Are We At the End of the Reformation?

Part Three: The End of Sola Gratia
—"By Grace Alone" part B

Peter Ditzel

Commenting on Galatians 2:15-16, John Calvin (1509-1564) wrote,

John CalvinWhen Paul says that we cannot be justified by the works of the law, he means that if we claim to merit grace and salvation because God has promised that those who observe the law will be accounted as righteous, we are completely mistaken; for no one keeps the law perfectly. We must realise that we all stand guilty before God and have the sentence of condemnation hanging over our heads.... We must, therefore, conclude that we cannot obtain righteousness by the law, and that if we believe we can make God our debtor, we will only provoke his wrath. The only option is to come as poor beggars, that we may be justified by faith. Not as if faith were a virtue proceeding from us, but we must come humbly, confessing that we cannot obtain salvation except as a free gift. This, then, is why the law is put in opposition to faith. Paul is showing us that all who claim to be acceptable to God by their merits are turning their back upon the grace of the Lord Jesus Christ.... Every created thing has its function — and fire and water complement each other very well; however, if we were to mix them together, then they would indeed clash! This is true of the law and the gospel. Those who believe that we are justified by the law as well as the gospel are confusing everything; it is as if they are crashing heaven and earth together! In short, it would be easier to mix fire and water than to say this: that we can merit a measure of the grace of God and yet also need the aid of the Lord Jesus Christ.... May we learn so to magnify his grace, as it is shown to us in the Lord Jesus Christ, that we might be completely taken up with it; and may we not only do so with our lips, but place our entire trust in him.
"Justification is by Grace Alone"  

Lest anyone think that Calvin taught merely that we are justified by grace alone but we must then go on to perform works, I quote the following:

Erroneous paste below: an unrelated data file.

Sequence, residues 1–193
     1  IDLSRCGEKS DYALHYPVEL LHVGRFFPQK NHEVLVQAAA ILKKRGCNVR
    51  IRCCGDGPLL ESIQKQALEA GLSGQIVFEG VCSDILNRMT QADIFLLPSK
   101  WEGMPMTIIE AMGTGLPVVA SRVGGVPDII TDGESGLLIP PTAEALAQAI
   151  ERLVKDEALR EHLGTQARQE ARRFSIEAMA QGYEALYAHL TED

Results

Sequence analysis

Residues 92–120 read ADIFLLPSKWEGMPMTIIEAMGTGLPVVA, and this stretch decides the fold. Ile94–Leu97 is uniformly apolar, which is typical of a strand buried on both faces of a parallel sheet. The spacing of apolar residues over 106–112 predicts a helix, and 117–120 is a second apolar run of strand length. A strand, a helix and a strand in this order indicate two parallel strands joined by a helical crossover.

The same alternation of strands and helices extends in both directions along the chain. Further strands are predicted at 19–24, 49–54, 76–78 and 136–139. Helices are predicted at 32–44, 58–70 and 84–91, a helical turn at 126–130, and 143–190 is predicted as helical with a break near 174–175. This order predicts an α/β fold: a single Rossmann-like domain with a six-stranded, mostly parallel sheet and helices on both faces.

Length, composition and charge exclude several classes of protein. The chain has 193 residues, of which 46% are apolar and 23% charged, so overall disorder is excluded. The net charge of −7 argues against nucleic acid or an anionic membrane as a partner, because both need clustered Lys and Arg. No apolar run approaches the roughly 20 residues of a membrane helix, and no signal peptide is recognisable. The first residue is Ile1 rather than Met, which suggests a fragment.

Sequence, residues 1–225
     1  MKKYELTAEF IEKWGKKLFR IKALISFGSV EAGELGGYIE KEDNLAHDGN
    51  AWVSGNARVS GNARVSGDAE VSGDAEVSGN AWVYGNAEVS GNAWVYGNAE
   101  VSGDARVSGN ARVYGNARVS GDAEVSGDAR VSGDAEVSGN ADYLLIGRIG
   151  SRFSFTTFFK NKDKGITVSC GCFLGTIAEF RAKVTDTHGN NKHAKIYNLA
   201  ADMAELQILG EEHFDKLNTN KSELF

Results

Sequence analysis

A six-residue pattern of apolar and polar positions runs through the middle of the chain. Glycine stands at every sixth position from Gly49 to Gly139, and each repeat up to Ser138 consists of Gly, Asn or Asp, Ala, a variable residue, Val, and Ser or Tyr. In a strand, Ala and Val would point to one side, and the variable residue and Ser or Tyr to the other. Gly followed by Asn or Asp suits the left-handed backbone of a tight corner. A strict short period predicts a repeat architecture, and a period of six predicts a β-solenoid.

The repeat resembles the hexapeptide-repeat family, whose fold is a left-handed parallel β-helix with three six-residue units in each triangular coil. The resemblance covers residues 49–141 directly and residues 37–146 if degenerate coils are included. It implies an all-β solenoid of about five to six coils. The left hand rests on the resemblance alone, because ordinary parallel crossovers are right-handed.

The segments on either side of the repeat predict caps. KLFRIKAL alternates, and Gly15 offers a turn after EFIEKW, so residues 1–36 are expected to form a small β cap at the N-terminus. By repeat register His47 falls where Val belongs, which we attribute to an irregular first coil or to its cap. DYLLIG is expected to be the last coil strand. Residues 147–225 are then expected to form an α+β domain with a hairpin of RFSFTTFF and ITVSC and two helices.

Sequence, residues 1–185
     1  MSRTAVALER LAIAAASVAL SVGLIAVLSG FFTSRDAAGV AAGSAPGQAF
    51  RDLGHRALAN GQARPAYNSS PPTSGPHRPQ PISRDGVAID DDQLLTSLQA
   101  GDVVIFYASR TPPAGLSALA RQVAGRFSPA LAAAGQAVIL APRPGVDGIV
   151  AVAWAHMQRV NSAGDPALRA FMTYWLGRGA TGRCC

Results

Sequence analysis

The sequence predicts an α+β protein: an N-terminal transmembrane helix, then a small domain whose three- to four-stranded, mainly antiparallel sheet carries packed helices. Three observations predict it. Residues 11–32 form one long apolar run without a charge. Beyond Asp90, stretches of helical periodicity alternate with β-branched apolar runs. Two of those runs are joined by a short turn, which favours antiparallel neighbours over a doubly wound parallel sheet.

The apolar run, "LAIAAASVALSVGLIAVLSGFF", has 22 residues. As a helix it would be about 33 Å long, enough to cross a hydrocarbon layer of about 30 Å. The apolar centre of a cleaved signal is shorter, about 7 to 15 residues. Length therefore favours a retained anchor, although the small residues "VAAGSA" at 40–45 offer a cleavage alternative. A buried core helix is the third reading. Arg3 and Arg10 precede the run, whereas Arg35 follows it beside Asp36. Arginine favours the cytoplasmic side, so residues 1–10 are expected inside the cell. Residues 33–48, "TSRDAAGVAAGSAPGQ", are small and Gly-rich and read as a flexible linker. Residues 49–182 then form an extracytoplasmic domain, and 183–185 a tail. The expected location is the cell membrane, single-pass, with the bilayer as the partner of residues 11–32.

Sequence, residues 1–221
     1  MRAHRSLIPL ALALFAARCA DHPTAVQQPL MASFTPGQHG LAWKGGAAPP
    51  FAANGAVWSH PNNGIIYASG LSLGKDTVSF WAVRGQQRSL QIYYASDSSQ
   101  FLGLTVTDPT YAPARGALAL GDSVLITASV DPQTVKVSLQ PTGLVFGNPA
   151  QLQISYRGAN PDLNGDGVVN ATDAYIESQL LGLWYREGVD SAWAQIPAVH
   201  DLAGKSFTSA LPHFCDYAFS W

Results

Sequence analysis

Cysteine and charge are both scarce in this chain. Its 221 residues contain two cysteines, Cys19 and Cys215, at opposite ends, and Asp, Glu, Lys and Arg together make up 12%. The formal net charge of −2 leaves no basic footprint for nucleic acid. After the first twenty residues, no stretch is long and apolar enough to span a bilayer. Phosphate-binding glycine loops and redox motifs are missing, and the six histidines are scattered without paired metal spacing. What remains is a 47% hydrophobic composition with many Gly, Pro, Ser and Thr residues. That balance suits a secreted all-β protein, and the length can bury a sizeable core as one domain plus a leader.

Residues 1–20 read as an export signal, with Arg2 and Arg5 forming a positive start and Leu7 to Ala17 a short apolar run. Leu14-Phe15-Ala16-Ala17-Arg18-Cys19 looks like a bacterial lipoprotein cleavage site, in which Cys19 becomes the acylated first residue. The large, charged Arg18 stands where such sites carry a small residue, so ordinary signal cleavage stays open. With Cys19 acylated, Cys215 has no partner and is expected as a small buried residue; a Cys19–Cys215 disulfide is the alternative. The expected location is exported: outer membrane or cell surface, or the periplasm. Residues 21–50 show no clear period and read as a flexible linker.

We see that our whole salvation and all its parts are comprehended in Christ [Acts 4:12]. We should therefore take care not to derive the least portion of it from anywhere else. If we seek salvation, we are taught by the very name of Jesus that it is 'of him' [I Cor. 1:30]. If we seek any other gifts of the Spirit, they will be found in his anointing. If we seek strength, it lies in his dominion; if purity, in his conception; if gentleness, it appears in his birth. For by his birth he was made like us in all respects [Heb. 2:17] that he might learn to feel our pain [compare to Heb. 5:2]. If we seek redemption, it lies in his passion; if acquittal, in his condemnation; if remission of the curse, in his cross [Gal. 3:13]; if satisfaction, in his sacrifice; if purification, in his blood; if reconciliation, in his descent into hell; if mortification of the flesh, in his tomb; if newness of life, in his resurrection; if immortality, in the same; if inheritance of the Heavenly Kingdom, in his entrance into heaven; if protection, if security if abundant supply of all blessings, in his Kingdom; if untroubled expectation of judgment; in the power given to him to judge. In short, since rich store of every kind of good abounds in him, let us drink our fill from the fountain, and from no other.
John Calvin, Institutes of the Christian Religion (1559), 2.16.19

It seems that many so-called Calvinists are among the greatest legalists, looking to the law for at least some part of their salvation. They did not get such thinking from what Calvin says here.

It is usually sanctification that is the sticking point for those who do not quite believe in salvation by grace alone. They will often acknowledge justification by faith alone, but they will say that sanctification requires our obedience to the law. But in 1 Corinthians 1:30-31, Paul says, "But of him are ye in Christ Jesus, who of God is made unto us wisdom, and righteousness, and sanctification, and redemption: That, according as it is written, He that glorieth, let him glory in the Lord." Baptist theologian and pastor, John Gill (1697-1771), commenting on this passage says,